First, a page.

# Directional derivatives exist for function neither continuous nor differentiable at the point they exist

It's an old past paper with no mark scheme, this always makes me a slightly afraid of exploring unaided.

The function is: $f(x,y)=\frac{xy^2}{x^2+y^6}$ if $(x,y)\ne(0,0)$ else $0$.

I am to show all the directional derivatives exist at $(0,0)$

Intuitively, $(\nabla f)(0,y)=0=(\nabla f)(x,0)$ because clearly in either case $f$ is constant, at 0.

So using some linear algebra, and the linear map that it the derivative ($(Df(a))(v_x,v_y)$ is the derivative function at a in direction $v=(v_x,v_y)$, well as it is a linear map $(Df(a))(v)=(Df(a))(v_x(1,0)+v_y(0,1))=v_x(Df(a))(1,0)+v_y(Df(a))(0,1)$

By using definitions (namely: $[(Df(a))]_{i,j}=(\nabla f_i)_j$) we see
$(Df(a))(v)=(\nabla f)(v_x,0)+(\nabla f)(v_y,0)=0$

The question asks for:

1) State the exact definition of differentiability at $(0,0)$ for $f:\mathbb{R}^2\rightarrow\mathbb{R}$

2) Show all the directional derivatives of f exist at (0,0) and comput their values.

3) Show that f is not continuous at (0,0) I can (probably) do this - I'd show it isn't sequentially continuous $\implies$ not continuous

4) Show that $f$ is not differentiable at $(0,0)$ using the definition in part 1.

(Hint: you can take a small deviation away from the origin param by $h_1=t^3,h_2=t,t\in\mathbb{R},t\ne0$)

For part 4 I think I can use:

$f$ differentiable $\iff$ $$lim_{h->0}(\frac{f(a+h)-f(a)-(Df(a))(h)} {||h||})=0$$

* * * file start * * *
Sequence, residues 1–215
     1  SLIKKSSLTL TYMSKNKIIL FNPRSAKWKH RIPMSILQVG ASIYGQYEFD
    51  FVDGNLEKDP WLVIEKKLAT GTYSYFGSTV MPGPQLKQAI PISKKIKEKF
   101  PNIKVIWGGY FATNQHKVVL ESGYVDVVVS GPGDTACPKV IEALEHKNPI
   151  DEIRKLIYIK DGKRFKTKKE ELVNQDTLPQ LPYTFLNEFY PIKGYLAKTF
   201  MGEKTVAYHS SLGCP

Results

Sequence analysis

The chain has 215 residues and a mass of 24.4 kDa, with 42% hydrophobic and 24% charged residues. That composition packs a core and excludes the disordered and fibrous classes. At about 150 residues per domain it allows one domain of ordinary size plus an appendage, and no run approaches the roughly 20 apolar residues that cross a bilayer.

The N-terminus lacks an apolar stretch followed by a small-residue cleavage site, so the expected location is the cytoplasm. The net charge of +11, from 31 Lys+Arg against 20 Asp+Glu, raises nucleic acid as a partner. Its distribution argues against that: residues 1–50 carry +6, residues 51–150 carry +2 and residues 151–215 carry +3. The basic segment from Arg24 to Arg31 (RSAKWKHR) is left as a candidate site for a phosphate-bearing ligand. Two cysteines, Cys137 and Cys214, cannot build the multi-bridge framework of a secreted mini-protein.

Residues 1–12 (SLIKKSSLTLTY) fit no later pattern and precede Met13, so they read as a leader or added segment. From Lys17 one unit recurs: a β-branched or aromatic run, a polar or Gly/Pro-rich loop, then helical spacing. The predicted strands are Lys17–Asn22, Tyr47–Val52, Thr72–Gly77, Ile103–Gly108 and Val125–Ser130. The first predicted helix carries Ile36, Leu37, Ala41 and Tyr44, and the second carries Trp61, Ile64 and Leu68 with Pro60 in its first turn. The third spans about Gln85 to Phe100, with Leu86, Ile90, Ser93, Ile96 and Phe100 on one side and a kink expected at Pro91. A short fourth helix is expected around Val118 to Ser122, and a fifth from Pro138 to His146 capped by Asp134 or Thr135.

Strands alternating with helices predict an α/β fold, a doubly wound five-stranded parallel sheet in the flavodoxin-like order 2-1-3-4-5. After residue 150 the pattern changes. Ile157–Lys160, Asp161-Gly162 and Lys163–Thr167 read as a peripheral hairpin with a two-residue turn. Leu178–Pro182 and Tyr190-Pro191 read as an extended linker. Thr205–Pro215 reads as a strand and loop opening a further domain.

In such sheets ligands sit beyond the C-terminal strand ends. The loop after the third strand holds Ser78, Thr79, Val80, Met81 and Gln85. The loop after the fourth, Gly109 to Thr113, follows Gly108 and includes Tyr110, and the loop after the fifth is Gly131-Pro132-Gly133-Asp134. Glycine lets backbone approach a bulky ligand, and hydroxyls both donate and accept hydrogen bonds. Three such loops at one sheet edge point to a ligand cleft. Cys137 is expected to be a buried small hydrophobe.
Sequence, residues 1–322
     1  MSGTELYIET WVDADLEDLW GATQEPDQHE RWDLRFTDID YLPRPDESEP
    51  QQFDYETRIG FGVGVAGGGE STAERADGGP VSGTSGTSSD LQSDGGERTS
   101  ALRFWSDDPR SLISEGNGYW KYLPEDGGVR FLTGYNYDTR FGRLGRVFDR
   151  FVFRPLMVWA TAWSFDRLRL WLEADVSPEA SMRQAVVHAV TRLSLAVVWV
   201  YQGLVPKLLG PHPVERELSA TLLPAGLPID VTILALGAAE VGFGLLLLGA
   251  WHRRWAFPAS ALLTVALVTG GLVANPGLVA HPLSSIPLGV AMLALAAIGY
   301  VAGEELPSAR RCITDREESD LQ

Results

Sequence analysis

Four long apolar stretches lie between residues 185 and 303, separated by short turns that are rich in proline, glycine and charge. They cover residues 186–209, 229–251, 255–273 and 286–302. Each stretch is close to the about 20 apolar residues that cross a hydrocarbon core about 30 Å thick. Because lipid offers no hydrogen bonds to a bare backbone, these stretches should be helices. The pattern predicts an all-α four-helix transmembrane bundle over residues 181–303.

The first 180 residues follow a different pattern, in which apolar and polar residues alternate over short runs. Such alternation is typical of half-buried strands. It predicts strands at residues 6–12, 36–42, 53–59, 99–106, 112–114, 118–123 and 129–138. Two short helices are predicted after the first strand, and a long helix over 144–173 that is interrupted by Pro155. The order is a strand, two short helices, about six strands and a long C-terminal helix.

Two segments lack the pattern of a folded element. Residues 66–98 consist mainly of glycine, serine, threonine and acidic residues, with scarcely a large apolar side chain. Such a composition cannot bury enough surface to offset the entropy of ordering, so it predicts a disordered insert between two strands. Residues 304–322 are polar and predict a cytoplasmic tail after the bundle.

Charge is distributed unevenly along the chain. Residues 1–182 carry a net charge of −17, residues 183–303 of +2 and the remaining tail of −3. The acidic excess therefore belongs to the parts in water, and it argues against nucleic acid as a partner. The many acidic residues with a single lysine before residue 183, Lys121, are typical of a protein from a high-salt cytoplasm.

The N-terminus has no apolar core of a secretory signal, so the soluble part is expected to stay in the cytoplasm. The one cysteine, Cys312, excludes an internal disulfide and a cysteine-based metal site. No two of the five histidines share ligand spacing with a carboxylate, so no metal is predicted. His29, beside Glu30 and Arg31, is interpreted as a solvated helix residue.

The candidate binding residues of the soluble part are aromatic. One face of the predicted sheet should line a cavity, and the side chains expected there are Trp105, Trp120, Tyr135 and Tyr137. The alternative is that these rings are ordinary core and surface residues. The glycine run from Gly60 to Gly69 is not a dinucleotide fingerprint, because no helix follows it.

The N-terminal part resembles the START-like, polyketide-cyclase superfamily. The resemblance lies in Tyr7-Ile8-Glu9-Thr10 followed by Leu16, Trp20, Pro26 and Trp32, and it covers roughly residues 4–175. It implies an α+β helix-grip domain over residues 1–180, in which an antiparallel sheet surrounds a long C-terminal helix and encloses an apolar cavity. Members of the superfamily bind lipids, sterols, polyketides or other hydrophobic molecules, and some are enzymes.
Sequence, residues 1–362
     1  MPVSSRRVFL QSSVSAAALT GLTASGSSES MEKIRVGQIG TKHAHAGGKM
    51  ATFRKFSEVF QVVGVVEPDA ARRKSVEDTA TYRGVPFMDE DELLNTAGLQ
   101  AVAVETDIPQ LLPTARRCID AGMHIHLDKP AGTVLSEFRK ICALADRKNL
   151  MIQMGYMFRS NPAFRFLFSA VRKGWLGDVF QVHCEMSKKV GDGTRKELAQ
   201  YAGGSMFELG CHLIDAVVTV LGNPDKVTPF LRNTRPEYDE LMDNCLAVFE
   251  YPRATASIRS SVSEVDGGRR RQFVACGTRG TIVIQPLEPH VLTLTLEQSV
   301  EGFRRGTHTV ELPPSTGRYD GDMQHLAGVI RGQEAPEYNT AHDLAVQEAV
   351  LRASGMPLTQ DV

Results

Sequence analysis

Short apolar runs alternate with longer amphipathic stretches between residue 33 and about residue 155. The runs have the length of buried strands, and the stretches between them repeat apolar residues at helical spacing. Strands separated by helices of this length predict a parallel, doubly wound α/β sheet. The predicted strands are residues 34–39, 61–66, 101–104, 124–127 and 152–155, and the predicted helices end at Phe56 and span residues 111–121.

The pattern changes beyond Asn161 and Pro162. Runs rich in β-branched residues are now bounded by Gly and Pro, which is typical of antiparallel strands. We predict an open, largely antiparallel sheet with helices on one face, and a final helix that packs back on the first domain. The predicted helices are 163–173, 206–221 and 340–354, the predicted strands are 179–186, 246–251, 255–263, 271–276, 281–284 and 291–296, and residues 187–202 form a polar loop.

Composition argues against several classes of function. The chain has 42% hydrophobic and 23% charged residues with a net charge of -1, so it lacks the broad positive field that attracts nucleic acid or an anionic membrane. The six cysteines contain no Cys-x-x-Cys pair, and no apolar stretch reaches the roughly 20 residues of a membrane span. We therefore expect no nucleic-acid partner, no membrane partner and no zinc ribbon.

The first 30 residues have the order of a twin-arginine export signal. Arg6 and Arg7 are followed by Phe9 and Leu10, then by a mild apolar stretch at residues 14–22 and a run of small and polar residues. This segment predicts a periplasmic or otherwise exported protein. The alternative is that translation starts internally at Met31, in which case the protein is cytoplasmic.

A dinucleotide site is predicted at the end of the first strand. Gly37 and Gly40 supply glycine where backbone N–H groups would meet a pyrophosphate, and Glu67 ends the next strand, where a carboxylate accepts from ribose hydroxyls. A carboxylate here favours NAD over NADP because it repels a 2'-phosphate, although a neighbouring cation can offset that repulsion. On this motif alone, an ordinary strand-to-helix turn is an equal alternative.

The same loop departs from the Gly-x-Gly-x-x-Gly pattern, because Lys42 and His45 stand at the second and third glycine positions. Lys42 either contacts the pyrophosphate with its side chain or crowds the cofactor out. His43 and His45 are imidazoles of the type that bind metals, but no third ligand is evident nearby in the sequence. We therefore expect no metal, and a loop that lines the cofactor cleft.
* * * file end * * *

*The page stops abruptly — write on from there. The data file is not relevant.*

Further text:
Then show the limit from $t<0$ and $t>0$ disagree (or something)

I am confused because the curve $f(x,y)=xy$ also has derivatives of 0 along each axis, yet for the direction (1,1) the curve is certainly not doing nothing (staying constant), but the properties of a linear map....

I am also confused because $(t^3,t)$ is a direction!

Continuity and differentiability here involve two dimensional limits that fail to exist at (0,0), which can be verified (I think) using the cubic path. The directional derivatives are one dimensional limits along straight lines (or rays) starting at (0,0), so they only involve paths (t,mt) and (0,t).

Added in edit: As you say, the partial derivatives at $(0,0)$ are both $0$ since $f$ is identically $0$ along both $x$ and $y$ axes, and so $grad(f)(0,0)=0$. Hence, if $f$ were differentiable at $(0,0)$, all directional derivatives at $(0,0)$ would equal $0$ by the usual formula (the dot product for the directional derivative at a point of differentiability).

To compute the directional derivative at $(0,0)$ in an arbitrary direction (i.e. unit vector) $(c,s)$ with $c <> 0$, find the following limit as $t -> 0$ :

$lim (f(0+tc,0+ts)-f(0,0))/t = lim ( (ct)(st)^2 )/( (t^2)(c^2+(t^4)(s^6))t ) = s^2/c$

which is obviously not $0$ at arbitrary unit vectors $(c,s)$. But the limit, and hence the directional derivative, DOES exist for all directions (the directions with $c=0$ are along the y axis and those directional derivatives are just (+/-) the partial w.r.t $y$ at the origin-- in this case, both are 0). [By the way $c$ and $s$ stand for cosine and sine].

Finally, if we approach the origin along the path $(t^3,t)$ then the one dimensional limit of the function itself is

$lim (t^5)/(t^6 + t^6) = lim 1/(2t)$ which is NOT $0$ and so $f$ is not continuous at the origin (since the full two dimensional limit at $(0,0)$ can't be $0$ if the one dimensional path limits don't all come out to $0$)

Sorry, I don't know how to format better. Also, I have forgotten the definition of differentiability -- but a consequence of it is the chain rule, from which is derived the formula for directional derivative in terms of the partial derivatives (and I think is what you were referring to with "linear..."). Since the formula fails here, the function must not be differentiable at the origin (and it fails to be continuous at the origin as well, which also implies non-differentiability).

• Could you flesh this out a bit please? Knowing if I get to the right answers is very important, so edit in just the answers, that'd be great – Alec Teal Jun 9 '14 at 1:14